It would be normal perhaps for the State Department not to respond to unofficial claims by politicians who do not formally represent a government.

The government-controlled media in Iran also chose not to report the claims by the hardliners.

Negotiations to restore the 2015 nuclear deal, JCPOA, have reached a crucial stage where Iran is awaiting the US response to a text it sent to the European Union on August 15. EU sources said Thursday that the US response may come “at any moment”, perhaps on Friday.

The only significant news on the nuclear talks in the Iranian press on Friday was a report on remarks by Parliament Speaker Mohammad Bagher Ghalibaf (Qalibaf) at a ceremony Thursday evening.

The Speaker accused the US of bullying Iran and said, “If we don’t stand up to that country, they will not back down. Therefore, we should become more powerful.”

Referring to a law passed by parliament in December 2020 that mandated more uranium enrichment and reduction in monitoring access for the International Atomic Energy Agency (IAEA), Ghalibaf said “nothing happened” when Iran disconnected the IAEA cameras in its nuclear installations… [on the contrary] “America again returned to the negotiating table.”

China’s Expanding Nuclear Horn: Daniel 7

FILE - In this April 23, 2019, photo, a type 094A Jin-class nuclear submarine Long March 10 of the Chinese People's Liberation Army (PLA) Navy participates in a naval parade near Qingdao in eastern China's Shandong province.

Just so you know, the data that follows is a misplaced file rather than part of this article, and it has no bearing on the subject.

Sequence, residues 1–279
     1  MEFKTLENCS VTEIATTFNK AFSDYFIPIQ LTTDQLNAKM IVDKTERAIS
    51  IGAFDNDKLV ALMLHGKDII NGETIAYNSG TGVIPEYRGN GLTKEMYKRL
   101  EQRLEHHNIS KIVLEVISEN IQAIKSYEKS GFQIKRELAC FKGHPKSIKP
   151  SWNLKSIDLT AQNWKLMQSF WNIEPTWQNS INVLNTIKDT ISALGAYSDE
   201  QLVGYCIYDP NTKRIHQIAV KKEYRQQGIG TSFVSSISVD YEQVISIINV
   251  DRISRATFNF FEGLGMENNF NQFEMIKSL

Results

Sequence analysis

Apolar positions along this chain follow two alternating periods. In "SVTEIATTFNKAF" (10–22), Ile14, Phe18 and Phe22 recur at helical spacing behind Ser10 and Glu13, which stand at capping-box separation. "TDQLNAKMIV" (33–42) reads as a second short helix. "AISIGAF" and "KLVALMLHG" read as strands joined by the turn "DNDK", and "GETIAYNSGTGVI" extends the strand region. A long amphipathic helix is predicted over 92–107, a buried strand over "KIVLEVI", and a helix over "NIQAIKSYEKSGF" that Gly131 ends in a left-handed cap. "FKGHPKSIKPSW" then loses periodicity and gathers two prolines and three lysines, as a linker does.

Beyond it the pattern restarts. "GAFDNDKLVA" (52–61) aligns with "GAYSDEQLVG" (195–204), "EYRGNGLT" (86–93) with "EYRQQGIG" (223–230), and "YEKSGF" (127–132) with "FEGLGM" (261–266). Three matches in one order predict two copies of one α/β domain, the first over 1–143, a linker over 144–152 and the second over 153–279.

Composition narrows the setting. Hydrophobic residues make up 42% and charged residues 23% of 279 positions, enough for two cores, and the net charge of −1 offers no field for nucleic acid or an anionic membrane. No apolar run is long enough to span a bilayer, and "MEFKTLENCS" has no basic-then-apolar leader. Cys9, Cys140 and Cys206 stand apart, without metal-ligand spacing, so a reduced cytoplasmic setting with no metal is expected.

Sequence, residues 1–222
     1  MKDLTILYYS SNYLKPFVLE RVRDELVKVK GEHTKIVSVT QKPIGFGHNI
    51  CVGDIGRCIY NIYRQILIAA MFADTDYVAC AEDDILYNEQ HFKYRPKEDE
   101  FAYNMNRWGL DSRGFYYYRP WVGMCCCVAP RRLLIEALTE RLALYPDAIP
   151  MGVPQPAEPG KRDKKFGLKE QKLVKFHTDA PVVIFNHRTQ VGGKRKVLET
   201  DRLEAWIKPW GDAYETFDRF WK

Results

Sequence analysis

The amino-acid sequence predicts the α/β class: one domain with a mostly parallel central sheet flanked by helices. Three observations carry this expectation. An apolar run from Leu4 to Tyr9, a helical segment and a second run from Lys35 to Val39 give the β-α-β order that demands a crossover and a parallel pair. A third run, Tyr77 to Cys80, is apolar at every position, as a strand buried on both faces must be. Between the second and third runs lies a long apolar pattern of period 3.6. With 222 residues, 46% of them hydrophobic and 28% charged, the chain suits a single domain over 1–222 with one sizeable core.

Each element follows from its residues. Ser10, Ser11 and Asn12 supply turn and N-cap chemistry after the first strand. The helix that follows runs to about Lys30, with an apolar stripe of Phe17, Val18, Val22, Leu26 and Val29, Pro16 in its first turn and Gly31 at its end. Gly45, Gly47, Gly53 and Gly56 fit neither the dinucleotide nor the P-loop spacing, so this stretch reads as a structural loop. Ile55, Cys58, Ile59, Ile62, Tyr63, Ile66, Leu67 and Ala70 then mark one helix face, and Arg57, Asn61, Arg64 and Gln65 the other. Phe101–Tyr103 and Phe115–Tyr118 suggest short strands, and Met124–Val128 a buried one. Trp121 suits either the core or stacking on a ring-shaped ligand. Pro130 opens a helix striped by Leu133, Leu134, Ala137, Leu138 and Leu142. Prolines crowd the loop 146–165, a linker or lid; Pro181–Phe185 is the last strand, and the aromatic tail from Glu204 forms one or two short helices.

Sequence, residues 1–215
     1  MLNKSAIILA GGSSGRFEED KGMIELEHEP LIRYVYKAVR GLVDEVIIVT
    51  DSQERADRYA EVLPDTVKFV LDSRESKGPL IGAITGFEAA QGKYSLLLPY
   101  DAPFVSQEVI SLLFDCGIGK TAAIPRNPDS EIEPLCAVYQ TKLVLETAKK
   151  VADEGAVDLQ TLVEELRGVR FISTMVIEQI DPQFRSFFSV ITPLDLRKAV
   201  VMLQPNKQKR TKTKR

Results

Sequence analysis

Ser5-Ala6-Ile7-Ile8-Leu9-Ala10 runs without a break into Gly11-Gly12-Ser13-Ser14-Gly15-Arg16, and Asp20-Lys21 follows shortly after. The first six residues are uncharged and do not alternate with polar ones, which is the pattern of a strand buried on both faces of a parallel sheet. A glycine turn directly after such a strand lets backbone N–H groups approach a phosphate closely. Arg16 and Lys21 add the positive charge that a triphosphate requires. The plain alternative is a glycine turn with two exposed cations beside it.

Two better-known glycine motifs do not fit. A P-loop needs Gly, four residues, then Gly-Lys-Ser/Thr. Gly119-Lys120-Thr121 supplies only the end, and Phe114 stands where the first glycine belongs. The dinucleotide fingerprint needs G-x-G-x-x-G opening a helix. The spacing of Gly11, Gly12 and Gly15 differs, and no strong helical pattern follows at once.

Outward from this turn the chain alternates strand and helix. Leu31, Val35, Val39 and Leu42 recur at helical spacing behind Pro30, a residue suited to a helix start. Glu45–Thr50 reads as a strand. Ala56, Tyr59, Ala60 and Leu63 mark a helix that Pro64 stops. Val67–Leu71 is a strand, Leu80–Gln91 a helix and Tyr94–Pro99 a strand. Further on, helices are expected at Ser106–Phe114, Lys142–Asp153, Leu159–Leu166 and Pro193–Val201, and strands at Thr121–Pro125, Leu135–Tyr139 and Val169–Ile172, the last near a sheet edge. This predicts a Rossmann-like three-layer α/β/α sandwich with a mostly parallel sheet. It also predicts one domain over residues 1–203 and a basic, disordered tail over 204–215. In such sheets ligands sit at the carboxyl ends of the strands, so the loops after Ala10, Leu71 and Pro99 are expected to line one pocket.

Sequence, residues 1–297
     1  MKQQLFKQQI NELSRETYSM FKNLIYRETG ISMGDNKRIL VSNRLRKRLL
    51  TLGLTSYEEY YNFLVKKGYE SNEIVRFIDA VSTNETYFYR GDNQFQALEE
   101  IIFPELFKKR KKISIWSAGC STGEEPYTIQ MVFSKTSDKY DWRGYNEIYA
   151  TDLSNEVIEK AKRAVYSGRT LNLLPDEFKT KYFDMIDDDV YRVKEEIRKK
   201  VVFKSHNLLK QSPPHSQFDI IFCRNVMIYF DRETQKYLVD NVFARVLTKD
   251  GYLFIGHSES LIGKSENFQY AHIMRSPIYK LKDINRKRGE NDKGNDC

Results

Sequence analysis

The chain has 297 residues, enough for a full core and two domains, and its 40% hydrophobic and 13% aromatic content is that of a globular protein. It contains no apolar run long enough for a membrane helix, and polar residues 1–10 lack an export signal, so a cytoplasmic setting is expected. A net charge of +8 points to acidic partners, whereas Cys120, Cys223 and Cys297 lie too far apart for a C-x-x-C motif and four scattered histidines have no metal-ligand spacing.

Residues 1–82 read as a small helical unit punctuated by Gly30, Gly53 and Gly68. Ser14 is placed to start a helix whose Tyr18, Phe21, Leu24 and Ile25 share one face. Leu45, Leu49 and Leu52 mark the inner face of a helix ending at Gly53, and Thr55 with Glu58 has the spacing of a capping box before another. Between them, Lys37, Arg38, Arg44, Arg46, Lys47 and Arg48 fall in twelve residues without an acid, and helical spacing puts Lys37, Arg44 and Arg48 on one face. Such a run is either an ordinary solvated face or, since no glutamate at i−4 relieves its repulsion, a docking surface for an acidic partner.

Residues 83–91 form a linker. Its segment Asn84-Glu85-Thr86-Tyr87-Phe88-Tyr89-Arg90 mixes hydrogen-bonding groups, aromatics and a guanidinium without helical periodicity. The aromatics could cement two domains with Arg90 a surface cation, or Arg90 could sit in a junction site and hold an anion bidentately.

FILE – In this April 23, 2019, photo, a type 094A Jin-class nuclear submarine Long March 10 of the Chinese People’s Liberation Army (PLA) Navy participates in a naval parade near Qingdao in eastern China’s Shandong province. 

China’s Expanding Submarine Fleet Makes Experts Worry About Taiwan’s Readiness


Even to laypeople, the odds of a China-versus-Taiwan underwater faceoff seem unbalanced.

China’s submarine force: 66 boats in 2020 with 76 expected by 2030.

Attributes: Nearly silent next-gen tech.

Taiwan’s submarine force: Four boats.

Attributes: Two of the world’s oldest operational subs, all use 20th-century tech.

The experts worry that Taiwan may lack the ability to fend off China without updating its military equipment, given that China has been investing in advanced weaponry and equipment— and overhauling its military command structure to modernize its armed forces as it eyes the war in Ukraine. China’s defense budget in 2022 is $230 billion, the second largest in the world behind the U.S. By contrast, Taiwan’s defense budget is $12.8 billion, 5% of China’s.